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John DeShazier: Michael Thomas plans to attack the football, season

Second-year Saints receiver knows more is expected of him

Costa Mesa, Calif. – If there is a concern that Michael Thomas fully isn't aware of what's in store for him this season by opposing defenses, eliminate it.

If nothing else, Thomas has shown that he isn't just a quick study, but that he's capable of devouring while he's processing, something he has done equally well against teammates during training camp, and against defensive backs for the Los Angeles Chargers, against whom the New Orleans Saints had three joint practices this week at Jack Hammett Sports Complex, and will play Sunday in a preseason game at the StubHub Center.

The second-year receiver, who unquestionably is the Saints' No. 1 receiver, has accepted and risen to this challenge as smoothly as he acclimated to the NFL game in 2016, a season in which he set franchise rookie records for receptions (92), receiving yards (1,137) and receiving touchdowns (nine).

He entered training camp bigger (220 pounds, up from 210). He's stronger. He's just as physical if not more so (pity the cornerback who's pinned behind Thomas with the ball in flight). He's a better route runner (among the ones he appears to have perfected, the slant route).  And he's even more aware of what is his role among the receiving corps.

When the Saints traded Brandin Cooks to New England this offseason, it left Thomas as the receiver on the roster with the most-decorated NFL single season.

"I have to have very great attention to detail," Thomas said. "I have to have great discipline. I have to be in the right place at the right time for Drew (Brees) or whoever is behind center. And also, I have to lead this group better and be the guy that sets the momentum. I can't be that guy that lacks many qualities, I have to do my job at a high level.

"(As a leader), complete honesty. I think honesty is what everyone needs. Those guys in the other group have to be able to trust you and also you have to lead by example. So when your number is called you have to make that play, (and) you have to keep making that play to where they know you're going to make that play, and they want to follow you."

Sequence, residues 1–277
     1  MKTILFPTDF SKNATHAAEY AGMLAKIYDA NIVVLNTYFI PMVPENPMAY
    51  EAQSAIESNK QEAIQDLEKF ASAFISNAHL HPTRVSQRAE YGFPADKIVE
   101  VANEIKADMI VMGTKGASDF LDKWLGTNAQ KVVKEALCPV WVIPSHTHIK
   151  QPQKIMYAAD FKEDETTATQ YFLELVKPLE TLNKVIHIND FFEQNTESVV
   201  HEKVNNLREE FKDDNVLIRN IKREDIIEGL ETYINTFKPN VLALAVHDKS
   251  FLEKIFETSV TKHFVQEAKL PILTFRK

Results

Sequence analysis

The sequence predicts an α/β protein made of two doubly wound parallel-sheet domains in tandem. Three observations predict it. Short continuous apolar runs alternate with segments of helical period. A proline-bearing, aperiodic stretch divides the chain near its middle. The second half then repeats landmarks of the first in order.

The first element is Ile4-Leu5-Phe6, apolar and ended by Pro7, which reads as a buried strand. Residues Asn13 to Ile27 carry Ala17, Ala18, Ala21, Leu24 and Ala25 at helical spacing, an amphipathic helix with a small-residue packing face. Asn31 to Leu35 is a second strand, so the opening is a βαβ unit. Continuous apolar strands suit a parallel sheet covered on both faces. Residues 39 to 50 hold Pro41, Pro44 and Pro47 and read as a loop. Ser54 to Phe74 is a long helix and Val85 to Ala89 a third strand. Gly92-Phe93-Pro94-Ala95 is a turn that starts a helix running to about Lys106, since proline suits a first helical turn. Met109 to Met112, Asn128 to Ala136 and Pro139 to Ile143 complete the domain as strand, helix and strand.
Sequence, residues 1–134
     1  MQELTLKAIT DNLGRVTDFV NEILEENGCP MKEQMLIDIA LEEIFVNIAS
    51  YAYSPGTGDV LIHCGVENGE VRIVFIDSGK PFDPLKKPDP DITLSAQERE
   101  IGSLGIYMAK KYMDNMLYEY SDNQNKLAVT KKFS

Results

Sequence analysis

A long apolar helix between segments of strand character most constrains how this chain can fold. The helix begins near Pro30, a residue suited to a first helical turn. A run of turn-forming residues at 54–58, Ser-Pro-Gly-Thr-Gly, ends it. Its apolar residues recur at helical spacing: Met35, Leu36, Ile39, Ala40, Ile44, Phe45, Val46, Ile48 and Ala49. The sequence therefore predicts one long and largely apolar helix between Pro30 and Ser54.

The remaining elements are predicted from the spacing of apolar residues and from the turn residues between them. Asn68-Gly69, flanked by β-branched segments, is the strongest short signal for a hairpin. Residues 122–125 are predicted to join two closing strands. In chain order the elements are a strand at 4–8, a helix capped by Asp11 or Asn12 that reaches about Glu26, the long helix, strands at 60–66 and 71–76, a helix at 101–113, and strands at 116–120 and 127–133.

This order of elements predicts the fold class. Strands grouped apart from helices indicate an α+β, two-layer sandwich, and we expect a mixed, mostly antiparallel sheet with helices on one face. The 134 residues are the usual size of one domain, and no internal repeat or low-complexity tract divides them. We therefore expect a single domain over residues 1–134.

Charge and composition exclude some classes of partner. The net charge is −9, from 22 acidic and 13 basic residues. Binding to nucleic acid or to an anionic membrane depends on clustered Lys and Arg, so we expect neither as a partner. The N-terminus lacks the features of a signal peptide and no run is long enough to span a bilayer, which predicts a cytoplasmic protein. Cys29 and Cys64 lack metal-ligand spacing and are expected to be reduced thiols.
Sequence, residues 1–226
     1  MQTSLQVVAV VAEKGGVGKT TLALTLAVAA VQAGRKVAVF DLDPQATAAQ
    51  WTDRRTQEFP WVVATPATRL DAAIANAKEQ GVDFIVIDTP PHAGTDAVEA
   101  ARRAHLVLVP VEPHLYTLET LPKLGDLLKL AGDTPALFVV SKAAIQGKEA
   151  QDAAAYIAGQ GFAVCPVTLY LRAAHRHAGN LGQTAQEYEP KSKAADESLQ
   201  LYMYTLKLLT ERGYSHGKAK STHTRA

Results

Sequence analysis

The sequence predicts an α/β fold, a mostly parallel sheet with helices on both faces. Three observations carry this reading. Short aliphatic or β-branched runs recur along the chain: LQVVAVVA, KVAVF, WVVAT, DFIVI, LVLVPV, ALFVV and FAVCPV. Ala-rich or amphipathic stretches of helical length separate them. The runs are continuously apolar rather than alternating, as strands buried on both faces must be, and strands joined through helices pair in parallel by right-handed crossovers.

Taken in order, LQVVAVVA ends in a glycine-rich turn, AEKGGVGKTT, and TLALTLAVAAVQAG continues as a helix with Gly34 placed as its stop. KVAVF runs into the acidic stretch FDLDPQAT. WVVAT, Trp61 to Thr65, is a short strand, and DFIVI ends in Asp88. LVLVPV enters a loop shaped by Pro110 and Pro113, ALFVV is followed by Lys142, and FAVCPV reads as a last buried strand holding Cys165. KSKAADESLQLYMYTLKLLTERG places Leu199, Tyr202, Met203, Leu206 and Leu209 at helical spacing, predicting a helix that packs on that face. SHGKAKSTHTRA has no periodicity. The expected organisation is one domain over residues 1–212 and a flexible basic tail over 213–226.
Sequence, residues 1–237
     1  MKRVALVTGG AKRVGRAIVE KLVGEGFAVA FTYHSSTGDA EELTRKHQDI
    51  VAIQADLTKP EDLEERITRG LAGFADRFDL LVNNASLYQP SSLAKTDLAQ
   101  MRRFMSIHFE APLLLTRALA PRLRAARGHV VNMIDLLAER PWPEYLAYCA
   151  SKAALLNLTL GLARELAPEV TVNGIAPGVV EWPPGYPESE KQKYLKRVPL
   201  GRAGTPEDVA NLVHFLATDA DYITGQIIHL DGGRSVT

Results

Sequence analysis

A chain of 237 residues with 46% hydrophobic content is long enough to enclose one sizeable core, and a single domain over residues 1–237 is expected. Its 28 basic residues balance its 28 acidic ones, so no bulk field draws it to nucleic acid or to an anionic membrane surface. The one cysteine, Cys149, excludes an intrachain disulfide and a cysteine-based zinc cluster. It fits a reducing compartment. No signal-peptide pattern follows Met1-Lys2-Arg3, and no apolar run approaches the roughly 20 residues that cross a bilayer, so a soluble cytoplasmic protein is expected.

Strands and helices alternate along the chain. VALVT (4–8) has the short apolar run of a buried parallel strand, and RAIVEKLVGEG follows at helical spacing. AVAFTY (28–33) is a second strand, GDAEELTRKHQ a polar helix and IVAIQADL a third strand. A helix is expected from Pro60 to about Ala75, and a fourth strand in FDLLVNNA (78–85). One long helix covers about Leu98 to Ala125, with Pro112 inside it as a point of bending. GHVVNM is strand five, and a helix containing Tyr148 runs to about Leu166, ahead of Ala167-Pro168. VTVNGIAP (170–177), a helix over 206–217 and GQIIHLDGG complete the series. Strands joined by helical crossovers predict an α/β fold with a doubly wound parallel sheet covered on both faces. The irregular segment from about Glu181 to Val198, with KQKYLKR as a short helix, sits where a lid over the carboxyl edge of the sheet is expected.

That would seem to be a ton of water to carry for a 24-year-old. But almost everything about Thomas suggested he was ready from the moment the Saints drafted him in the second round, No. 47 overall.

If his Twitter handle (@Cantguardmike) didn't announce his preparedness, an array of acrobatic catches during his rookie training camp did.

"You don't ever want the (defensive back) to attack the football before you, because that's when bad things happen," he said. "So I always want to attack the football and I want to win my reps and I always want to be aggressive to the ball, because I want to show the quarterback that I want the ball again."

And, of course, there was the added nugget from Coach Sean Payton, who said that he didn't participate in fantasy football, but for those who did, Thomas would be a wise investment.

Even then, Payton and Brees lauded Thomas' competitiveness.

"(It comes from) just a lot of things," Thomas said. "Growing up, how I played as a kid – rough. I always was in sports, coming up from a family (that is competitive), my uncle (former NFL standout Keyshawn Johnson). Certain things just drive me. I know I'm blessed and I'm chosen to play this game at a high level and I don't want to take that for granted."

That has helped him move on from last season. There are no benefits to dwelling in the past, Thomas said.

"All those plays I made last year, and what I did last year, those won't win these games this year," he said. "So I put that behind me a long time ago and try to do things and add more value so I can help this team win more games, and get to the playoffs and get to the Super Bowl."

Wherever it is the Saints go this season, Thomas will lead the receivers. There's a target on him, larger than last year, one that he embraced even as a rookie. Thomas wants the opponents' top cornerback to line up across from him, relishes the one-on-one challenge.

"If you want to be great, those are the guys you have to go against," he said. "Those are the guys that are going to keep you honest. Those are the guys that are going to show you what you need to work on. Those are the guys that are going to bring their 'A' games, too.

"Just going against a situation like that, it kind of gives me chills and gives me juices – I'm ready to go, just to show that I can play this game, too, at a high level."

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